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Dangerous precedents?

The legal precedent the Ministry of Justice cited was set in 2003 in the case of Quinland v Governor of Swaleside Prison. A man had received jail sentences totalling two years and three months. Some were to be served concurrently and some consecutively. The judge in the case got his sums wrong and the man ended up serving two years six months.

Judges are immune from negligence liability, so once released the man tried to sue the prison governor. His claim was rejected on grounds the governor was discharging his duties as a civil servant.

Before Justice Blair at the Court of Appeal last week, Mr Power argued that the precedent did not apply. "I wasn't suing individuals - I didn't even know who they were," he told The Register.

He also claimed his case and that of the prisoner were not comparable because the CCJ was not larger than it should have been, but should never have been registered in the first place. He also alleged negligence in Southend County Court's apparent failure to alert him to the CCJ, in contrast with the prisoner, who knew the details of his sentence from the outset.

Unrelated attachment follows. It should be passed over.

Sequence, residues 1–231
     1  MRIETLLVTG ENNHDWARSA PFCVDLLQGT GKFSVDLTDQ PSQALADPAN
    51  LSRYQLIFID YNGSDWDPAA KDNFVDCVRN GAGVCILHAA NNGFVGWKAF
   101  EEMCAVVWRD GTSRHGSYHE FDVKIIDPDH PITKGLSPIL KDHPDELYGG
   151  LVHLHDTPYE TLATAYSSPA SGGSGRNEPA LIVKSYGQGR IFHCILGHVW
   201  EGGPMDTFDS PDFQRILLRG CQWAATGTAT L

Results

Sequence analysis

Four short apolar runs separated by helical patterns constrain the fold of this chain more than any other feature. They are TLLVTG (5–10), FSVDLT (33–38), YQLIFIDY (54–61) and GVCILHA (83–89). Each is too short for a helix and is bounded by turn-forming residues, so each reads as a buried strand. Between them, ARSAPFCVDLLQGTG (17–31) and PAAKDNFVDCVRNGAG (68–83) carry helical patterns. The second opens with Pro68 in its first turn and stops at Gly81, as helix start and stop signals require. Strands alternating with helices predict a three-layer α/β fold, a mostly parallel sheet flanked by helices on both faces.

Mr Power also contested the Ministry of Justice's contention that the CCJ was registered by civil servants discharging their duties, arguing that since they made the error they could not have been discharging their duties.

Those arguments were rejected by Mr Justice Blair, who upheld Master Foster's decision.

"I've got no more recourse," Mr Power said. "What chance do I have against the court establishment?"

Cambridge University's Professor Ross Anderson, author of a recent Joseph Rowntree Foundation report on the Database State, said the judgement fitted with the pattern of more liability being shifted to the individual by the growth and sharing of government databases.

"When these liability shifts occur," he said, "it always tends to be from the more powerful entities in a transaction towards the individual."

He said that as the civil service had "sought to interpose itself in more transactions" as part of an "empire building" strategy, it had also sought to shield itself from the law.

Phil Booth agreed. "This is indeed very worrying, and precisely the sort of situation that the database state and mass data-trafficking tends to exacerbate. I wouldn't say that Mr Power's story is typical, but it starkly illustrates the dangers and shows that bureaucratic cock-ups and foot-dragging are far from a victimless crime," he said.

And, he said, Mr Power may have no comeback against Experian either. "I'm not aware of any successful prosecutions against Experian or the other credit reference agencies for propagating untruths about people, though it seems to happen with alarming frequency."

An HM Courts Service spokesman confirmed it won the case, but declined to comment on the implications of the decision.

It now falls to judges in future cases to interpret Mr Power's loss when damaging mistakes are made in the CRB database, National ID Register, DNA database, ContactPoint, NHS care records... ®

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